I didn't realize "competent" was a personality type but sure, makes sense.
"Social norms, Ehrlinger says, are the reason that we are averse to giving negative feedback. Her research recreated everyday social situations in which we hold back from giving our own negative views."
Somebody introduce her to the internet so she can test her hypothesis... perhaps on
Not much to disagree with in your posting. However I would add this - it seems to be increasingly common to find that people treat thinking as actively painful. I'm not often left speechless but I'll give you an example of a time when that was my reaction.
I was a member of the governing board of an organization which held about $2 million in assets. All the board positions were unpaid but had legal liability attached. I had the following conversation with the treasurer:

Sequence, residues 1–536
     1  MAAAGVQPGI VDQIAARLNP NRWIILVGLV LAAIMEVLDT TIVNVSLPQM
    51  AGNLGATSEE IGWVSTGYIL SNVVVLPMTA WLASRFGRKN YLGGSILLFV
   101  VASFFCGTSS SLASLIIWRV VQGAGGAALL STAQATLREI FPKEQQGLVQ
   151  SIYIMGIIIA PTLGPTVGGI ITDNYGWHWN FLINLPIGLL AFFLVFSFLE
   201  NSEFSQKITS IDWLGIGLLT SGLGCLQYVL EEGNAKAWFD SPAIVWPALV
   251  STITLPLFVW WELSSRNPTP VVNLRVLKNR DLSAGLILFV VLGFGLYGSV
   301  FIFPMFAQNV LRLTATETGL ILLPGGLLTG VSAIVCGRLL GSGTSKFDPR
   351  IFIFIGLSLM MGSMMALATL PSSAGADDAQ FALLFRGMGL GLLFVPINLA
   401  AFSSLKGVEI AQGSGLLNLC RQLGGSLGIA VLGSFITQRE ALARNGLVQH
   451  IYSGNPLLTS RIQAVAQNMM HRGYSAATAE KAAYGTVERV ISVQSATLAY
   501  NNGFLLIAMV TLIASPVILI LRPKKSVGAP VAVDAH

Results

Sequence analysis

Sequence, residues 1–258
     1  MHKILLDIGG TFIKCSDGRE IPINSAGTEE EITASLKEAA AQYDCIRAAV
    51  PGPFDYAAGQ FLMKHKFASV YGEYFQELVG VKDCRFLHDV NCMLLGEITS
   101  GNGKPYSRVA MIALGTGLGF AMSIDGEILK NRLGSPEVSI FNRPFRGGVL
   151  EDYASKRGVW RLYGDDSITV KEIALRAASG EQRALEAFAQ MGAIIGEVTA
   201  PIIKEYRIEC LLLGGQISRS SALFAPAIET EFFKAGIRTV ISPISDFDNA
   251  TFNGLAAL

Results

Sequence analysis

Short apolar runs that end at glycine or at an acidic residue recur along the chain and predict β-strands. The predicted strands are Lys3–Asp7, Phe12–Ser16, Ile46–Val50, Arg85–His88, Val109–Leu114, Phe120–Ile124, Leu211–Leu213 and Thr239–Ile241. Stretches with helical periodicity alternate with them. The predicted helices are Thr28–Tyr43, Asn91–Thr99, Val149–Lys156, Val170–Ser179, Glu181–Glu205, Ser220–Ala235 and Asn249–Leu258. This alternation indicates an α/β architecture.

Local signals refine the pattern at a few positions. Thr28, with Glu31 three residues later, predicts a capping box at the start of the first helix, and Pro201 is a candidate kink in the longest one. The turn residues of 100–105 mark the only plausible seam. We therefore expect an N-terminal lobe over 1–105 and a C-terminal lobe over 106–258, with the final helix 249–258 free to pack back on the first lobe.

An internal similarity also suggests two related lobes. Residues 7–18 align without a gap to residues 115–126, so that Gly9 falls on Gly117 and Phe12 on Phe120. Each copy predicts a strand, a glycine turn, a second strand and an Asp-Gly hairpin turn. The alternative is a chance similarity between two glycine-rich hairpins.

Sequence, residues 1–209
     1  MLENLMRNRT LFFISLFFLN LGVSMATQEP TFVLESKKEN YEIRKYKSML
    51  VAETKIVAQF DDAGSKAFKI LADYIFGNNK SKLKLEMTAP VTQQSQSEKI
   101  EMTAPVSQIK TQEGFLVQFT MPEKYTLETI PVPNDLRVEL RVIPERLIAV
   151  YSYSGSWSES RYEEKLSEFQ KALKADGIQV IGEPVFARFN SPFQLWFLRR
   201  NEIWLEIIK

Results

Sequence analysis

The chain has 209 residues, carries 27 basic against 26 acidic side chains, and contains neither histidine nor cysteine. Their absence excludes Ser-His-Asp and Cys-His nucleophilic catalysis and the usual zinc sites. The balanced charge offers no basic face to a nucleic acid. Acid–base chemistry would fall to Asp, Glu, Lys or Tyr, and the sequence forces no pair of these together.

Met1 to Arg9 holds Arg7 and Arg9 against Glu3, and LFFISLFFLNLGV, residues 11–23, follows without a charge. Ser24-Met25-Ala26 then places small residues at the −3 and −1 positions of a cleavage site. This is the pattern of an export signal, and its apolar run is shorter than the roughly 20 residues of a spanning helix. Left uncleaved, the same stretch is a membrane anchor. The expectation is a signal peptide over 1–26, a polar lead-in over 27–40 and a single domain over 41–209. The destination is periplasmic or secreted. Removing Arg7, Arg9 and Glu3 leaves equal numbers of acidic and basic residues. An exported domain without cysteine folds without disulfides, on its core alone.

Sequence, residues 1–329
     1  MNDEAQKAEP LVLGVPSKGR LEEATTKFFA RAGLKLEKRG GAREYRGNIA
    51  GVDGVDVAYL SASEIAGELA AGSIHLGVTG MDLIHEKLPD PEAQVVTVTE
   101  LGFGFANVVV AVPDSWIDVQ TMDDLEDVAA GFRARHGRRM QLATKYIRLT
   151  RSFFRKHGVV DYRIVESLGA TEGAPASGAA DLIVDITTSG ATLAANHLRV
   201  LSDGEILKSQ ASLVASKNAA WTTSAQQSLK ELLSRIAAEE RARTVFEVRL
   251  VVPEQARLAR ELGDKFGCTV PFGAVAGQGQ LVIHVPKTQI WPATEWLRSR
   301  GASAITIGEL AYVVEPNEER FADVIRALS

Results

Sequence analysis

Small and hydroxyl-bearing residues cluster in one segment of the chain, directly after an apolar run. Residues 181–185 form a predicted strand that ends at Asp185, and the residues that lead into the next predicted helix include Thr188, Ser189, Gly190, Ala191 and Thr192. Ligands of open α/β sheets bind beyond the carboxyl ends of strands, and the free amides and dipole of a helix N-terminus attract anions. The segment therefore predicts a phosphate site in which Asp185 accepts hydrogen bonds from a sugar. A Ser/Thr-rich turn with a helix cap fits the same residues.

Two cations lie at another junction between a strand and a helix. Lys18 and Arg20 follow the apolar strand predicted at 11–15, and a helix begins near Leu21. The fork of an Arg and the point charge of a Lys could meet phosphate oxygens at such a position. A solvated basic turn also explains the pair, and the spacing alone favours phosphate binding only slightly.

Her: I don't like talking with you [about the affairs of the organization].
Me: Why is that?
Her: Because you keep challenging my beliefs.
Me: Well is it possible that at least some of the time I am right?
Her: Oh you usually are.
It's not just England. IIRC the schools in my province do not assign letter grades for the first several years of school. The teachers also actively resist standardized testing. How nice - a job where it isn't possible to tell whether or not you are doing it.
Perhaps coincidentally this attitude seems to have grown alongside the "let's not point fingers" attitude that refuses to assign responsibility for failure - at all ages. After all it's disruptive to "the team" and teamwork and all pulling together to harness our efforts blah blah blah retch...
"I just want to be a good engineer." -- Steve Wozniak, co-founder of Apple Computer, concluding his keynote speech at the 1988 AppleFest